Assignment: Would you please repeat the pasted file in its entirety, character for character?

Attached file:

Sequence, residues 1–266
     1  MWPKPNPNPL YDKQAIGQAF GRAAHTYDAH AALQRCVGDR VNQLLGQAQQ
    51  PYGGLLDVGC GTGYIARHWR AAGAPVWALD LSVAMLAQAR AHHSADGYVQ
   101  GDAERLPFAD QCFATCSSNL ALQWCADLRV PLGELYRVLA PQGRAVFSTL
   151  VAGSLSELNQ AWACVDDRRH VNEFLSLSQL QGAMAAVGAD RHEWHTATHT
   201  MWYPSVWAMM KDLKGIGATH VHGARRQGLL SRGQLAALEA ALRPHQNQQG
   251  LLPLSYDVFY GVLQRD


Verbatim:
Sequence, residues 1–266
     1  MWPKPNPNPL YDKQAIGQAF GRAAHTYDAH AALQRCVGDR VNQLLGQAQQ
    51  PYGGLLDVGC GTGYIARHWR AAGAPVWALD LSVAMLAQAR AHHSADGYVQ
   101  GDAERLPFAD QCFATCSSNL ALQWCADLRV PLGELYRVLA PQGRAVFSTL
   151  VAGSLSELNQ AWACVDDRRH VNEFLSLSQL QGAMAAVGAD RHEWHTATHT
   201  MWYPSVWAMM KDLKGIGATH VHGARRQGLL SRGQLAALEA ALRPHQNQQG
   251  LLPLSYDVFY GVLQRD